Cookery books you need to own

There are a myriad of cookery books all competing for our attention. I cannot claim I’ve read all of them, but I have experienced a few which any serious cook will find very useful.

As far as general recipe books go, ones that cover a variety of foods, there are three I can whole-heartedly recommend. Roast Chicken and Other Stories by Simon Hopkinsonis a wonderful little book that has easy recipes and tells interesting stories associated with the ingredients.

Simon Hopkinson is a great chef and an entertaining author, perfectly willing to dabble in more baroque food as presented in the second book I would recommend: The Prawn Cocktail Years This book is a real hoot, with all kinds of food that are no longer fashionable such as coq au vin, marquise au chocolat and other dishes time has passed by.

The final general recipe book I feel is worth shelling out for is How to Eat: Pleasures and Principles of Good Food by Nigella LawsonThis is a big book packed with easy to follow recipes, with sections including low-fat food and cooking for children. There is plenty of interest in this book.

There are two books I would suggest for dealing with specific ingredients. If you fancy some fishy action then Rick Stein’s Seafood is a very useful book. It has plenty of information on how to prepare different types of seafood as well as lots of good recipes.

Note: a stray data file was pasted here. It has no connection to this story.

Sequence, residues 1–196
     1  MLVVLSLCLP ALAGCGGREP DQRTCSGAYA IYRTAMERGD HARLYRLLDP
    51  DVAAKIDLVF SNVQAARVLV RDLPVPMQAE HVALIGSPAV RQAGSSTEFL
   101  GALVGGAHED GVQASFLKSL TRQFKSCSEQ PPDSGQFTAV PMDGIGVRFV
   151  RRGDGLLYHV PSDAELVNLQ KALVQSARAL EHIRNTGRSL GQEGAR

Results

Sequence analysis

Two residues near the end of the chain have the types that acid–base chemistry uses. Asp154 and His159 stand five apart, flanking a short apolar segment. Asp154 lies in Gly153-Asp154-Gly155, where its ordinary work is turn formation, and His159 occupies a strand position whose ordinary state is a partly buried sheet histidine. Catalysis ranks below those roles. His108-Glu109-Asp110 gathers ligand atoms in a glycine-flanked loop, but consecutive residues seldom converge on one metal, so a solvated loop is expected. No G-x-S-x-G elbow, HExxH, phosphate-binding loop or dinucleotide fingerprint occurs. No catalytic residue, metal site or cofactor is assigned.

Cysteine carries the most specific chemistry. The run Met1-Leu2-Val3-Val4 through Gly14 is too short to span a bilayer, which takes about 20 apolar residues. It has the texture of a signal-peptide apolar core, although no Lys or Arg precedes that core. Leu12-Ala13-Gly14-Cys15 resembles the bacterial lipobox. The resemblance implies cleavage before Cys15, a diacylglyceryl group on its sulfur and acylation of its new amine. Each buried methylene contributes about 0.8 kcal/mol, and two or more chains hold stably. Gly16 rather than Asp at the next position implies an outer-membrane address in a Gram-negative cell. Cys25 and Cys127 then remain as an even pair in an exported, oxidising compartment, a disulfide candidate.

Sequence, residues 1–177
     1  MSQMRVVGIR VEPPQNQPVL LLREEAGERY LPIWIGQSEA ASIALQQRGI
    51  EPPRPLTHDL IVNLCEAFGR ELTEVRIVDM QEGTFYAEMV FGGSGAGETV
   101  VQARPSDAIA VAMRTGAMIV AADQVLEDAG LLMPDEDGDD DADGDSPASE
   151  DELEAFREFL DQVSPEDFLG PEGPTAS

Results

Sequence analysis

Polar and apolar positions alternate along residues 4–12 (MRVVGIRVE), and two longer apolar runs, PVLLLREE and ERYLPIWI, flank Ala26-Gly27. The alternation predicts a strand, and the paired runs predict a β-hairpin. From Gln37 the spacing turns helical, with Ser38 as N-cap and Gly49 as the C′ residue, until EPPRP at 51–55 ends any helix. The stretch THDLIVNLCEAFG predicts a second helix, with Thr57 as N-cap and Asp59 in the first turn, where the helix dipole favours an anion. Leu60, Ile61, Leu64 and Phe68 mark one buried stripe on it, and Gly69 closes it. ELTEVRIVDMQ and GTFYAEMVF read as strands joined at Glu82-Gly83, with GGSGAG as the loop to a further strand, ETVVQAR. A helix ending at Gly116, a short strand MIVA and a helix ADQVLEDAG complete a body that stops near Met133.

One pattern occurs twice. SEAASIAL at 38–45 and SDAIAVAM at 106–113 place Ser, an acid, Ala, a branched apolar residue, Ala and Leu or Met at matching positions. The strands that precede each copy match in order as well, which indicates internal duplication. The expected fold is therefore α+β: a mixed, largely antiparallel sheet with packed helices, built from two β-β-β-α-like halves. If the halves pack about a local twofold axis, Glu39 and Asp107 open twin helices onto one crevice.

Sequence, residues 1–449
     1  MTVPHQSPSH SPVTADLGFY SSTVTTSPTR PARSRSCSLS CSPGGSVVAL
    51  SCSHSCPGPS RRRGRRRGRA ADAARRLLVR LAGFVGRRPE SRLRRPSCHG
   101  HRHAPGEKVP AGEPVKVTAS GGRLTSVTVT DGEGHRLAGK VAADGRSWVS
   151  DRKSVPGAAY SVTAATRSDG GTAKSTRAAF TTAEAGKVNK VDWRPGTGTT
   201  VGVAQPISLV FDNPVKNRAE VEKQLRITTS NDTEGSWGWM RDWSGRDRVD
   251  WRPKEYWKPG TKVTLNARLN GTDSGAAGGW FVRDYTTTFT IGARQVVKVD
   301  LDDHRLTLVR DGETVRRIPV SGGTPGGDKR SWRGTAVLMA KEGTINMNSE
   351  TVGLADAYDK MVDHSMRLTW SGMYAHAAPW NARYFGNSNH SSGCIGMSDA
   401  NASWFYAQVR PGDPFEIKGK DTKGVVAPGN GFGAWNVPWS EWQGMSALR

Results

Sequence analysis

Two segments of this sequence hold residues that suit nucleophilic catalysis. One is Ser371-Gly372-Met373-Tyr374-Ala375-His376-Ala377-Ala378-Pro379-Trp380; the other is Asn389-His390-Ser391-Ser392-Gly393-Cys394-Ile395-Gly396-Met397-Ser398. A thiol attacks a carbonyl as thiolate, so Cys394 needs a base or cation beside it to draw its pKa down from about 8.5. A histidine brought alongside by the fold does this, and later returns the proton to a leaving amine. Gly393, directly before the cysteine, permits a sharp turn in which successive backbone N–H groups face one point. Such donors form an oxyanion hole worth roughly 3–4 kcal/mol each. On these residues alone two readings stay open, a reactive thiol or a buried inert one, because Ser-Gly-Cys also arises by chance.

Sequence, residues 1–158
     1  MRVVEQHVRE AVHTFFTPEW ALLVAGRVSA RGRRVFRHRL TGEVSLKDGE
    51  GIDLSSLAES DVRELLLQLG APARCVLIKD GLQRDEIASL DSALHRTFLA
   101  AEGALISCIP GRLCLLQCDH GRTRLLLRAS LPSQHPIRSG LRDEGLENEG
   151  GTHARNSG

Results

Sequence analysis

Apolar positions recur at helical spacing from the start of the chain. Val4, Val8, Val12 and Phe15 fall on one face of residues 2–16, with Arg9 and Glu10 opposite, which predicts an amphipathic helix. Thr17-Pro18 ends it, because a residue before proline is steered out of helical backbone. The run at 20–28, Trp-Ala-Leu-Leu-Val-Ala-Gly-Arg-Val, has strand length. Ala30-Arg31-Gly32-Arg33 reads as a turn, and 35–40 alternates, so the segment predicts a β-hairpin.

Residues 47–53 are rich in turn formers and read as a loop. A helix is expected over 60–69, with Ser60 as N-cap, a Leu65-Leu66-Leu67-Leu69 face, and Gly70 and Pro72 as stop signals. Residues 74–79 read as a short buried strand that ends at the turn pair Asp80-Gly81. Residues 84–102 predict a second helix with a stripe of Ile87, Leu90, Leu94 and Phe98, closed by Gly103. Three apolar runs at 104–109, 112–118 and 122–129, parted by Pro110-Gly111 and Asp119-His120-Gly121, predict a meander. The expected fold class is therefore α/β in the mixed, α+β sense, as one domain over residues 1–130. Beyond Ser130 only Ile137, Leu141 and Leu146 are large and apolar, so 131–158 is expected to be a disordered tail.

Of course, meat is what we are all really interested in cooking, and you’ll do it justice if you follow the guidance in The River Cottage Meat Book by Hugh Fearnley-WhittingstallThis is probably my favourite cookery book; meat is generally the way forward. Hugh has useful things like roasting time and temperature tables, and even some recipes in which meat is not the main ingredient, such as the utterly delicious Boston baked-beans. This book is the monk’s manhood.

Finally, a book I’ve mentioned a couple of times recently is the key to successful Thai cooking – Thai Food by David ThompsonYou cannot go wrong with this book. The recipes are clearly presented and quite delicious. It also gives plenty of information on the history and culture associated with the food. A real gem.

I do own other cookery books, but these six are those I would least like to do without. If you buy these you’ll always be able to cook up a storm and impress your dining companions.


4 Comments

  • Jeff Home wrote:

    Nothing can create a gastronomic delight like when fresh ingredients are used. I’ll be using the Thai Food by David Thompson today along with a visit to the local Asian Supermarket to get fresh everything!

  • David Strange wrote:

    Indeed, ingredients are terribly important.

    Well done us for living near See Woo (Run) and a big supermarket so all we need is on our doorstep.

  • Ed wrote:

    You have forgotten a couple of essentials. No one should be without Elizabeth David (although she does presume quite a lot of nous) if only for the essays. And where was Venus in the Kitchen? Possibly my favourite, although only tangentially a cook book is A Debt to Pleasure.

  • Keith wrote:

    Ah yes, Simon Hopkinson – a man with a lust for endocrine tissue if ever there was, and as for retro-chic, Mary Berry’s “Aga Book” is in a class of its own.

    Nigel Slater’s “Appetite” is a worthy contender for my top three.



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